“And that’s really important,” said Joanna Cirillo, a communicable disease public health nurse who’s been leading contact tracing efforts at the Richmond City Health Department. “I can only imagine how much better the experience would be for someone if, when they get this call, it’s someone who speaks their language and understands more about their culture and background and where they’re coming from.”

‘There needs to be more outreach’

After initial frustration with the state’s response to the Latino community, many leaders said the Northam administration is doing a better job with outreach. Last week, the governor traveled to Northern Virginia for a COVID-19 news briefing conducted mostly in Spanish. VDH has released educational materials translated into multiple languages, and Northam said the administration had begun directing free community testing events to communities with large Latino populations. The state’s Medicaid program also provides translated information and is giving “non-citizens additional time, if needed, to document immigration status when they apply for health coverage,” Northam said at the briefing.

He also met with Latino leaders beforehand, giving Tejada the chance to submit a list of six specific COVID-19-related requests. The most prominent was the need for what he described as an “all-out Spanish language media campaign” — something advocates say the administration has yet to do.

“The Latino community relies a lot on Spanish-language radio and Spanish-language television,” Tejada said. Rimola also emphasized that translated web materials — on contact tracing, testing resources, and other public health guidance — had limited usefulness if they weren’t being seen by most Latino residents.

“The resources are there, but how will people know if they don’t have the information?” he said. “There needs to be more outreach. There has been some, but to be honest, I don’t think it’s enough.”

Beyond outreach, experts said the most pressing need for many Latino residents are the economic resources that make it possible to fully participate in the contact tracing process. One of the basic steps is self-isolating (in the case of people with confirmed cases of the disease) or self-quarantining (for suspected contacts) for at least 14 days. A voluntary isolation agreement from VDH directs people to stay in their homes and “avoid all public activities,” including basic shopping and work. Patients with confirmed cases of the virus are asked to separate in another room from other members of their household.

Those restrictions can create significant barriers, de la Torre said. With some residents already reluctant to pick up the phone, it’s another hurdle to find solutions to the very real challenges faced by many low-income and Latino residents. “If they share one bedroom with three family members, totally self-isolating isn’t going to be an option for them,” she added.

Cirillo said she hears from Latino residents who simply don’t have the option of taking paid leave from work or fear that staying home could cost them their jobs. In other cases, work itself could be the biggest risk. Dr. Jonathan Richardson, the CEO for the Eastern Shore Health District, said around 700 poultry plant workers have tested positive for COVID-19 since the beginning of the pandemic — a workforce that largely includes African Americans, Latinos and immigrants. The state is poised to adopt first-of-their-kind workforce safety regulations next week, but thousands of workers have already filed complaints over pandemic-related concerns.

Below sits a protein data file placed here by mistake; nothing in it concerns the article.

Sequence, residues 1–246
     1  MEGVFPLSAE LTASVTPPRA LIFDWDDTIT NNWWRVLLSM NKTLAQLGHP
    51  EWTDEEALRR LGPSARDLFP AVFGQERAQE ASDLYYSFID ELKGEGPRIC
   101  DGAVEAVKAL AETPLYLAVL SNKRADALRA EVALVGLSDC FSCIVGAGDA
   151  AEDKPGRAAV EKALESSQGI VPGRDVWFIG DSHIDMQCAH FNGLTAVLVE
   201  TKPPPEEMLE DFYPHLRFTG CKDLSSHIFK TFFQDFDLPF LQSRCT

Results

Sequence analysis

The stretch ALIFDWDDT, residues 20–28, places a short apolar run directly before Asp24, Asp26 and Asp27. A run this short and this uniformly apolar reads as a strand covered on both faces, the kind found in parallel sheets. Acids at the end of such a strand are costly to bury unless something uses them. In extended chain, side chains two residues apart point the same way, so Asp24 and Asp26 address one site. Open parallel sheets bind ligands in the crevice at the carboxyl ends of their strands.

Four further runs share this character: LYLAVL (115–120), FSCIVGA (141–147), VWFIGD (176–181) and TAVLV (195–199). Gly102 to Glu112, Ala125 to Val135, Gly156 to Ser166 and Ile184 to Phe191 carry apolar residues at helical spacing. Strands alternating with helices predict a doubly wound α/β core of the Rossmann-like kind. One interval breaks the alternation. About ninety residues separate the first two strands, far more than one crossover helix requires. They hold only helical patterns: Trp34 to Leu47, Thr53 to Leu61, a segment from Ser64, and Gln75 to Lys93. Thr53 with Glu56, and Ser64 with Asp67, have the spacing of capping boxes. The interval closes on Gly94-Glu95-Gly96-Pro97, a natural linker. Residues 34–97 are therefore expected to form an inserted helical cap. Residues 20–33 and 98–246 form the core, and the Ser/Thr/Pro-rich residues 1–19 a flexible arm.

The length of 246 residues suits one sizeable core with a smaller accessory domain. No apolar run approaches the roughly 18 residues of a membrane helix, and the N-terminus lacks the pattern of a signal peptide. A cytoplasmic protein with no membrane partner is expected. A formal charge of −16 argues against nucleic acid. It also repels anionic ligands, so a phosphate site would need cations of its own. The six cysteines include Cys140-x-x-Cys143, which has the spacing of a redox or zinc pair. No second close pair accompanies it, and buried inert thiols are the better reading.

Local health departments are taking steps to overcome some of those barriers. The Eastern Shore Health District, like Richmond and Fairfax, refers patients and contacts to free or low-cost resources, including grocery delivery services and community health clinics. Both Richmond and Fairfax have temporary shelter programs, connecting residents who can’t self-isolate at home with free hotel rooms.

At the state level, Northam said Thursday that his administration will unveil a rent and mortgage relief program as Virginia nears the end of a temporary moratorium on eviction cases. The initial investment of $50 million — funded through the federal CARES Act — will go toward the “tens of thousands of applicants” expected by the state, according to Angela Navarro, a deputy secretary of commerce and trade. But it’s still unclear how many of those applicants will receive relief through the program, and Aguilar said he’d like to a coordinated campaign to relieve economic instability, especially for undocumented workers who haven’t received federal assistance.

“We have people living paycheck to paycheck,” he said. “When you have people with that necessity, it makes the situation a lot harder. It makes it impossible for people to stay home from work.”

Tejada said the district-by-district approach also risked excluding Latino residents in areas where health departments have fewer resources and community activism and nonprofits are less active. In the meantime, local health districts are finding new challenges — and solutions — on their own. Cirillo said one of the latest priorities in Richmond is finding childcare for residents who can’t isolate or quarantine at home but also don’t have the option of leaving their children.

“Every step we take, we get a little bit closer, but then find another barrier,” she said.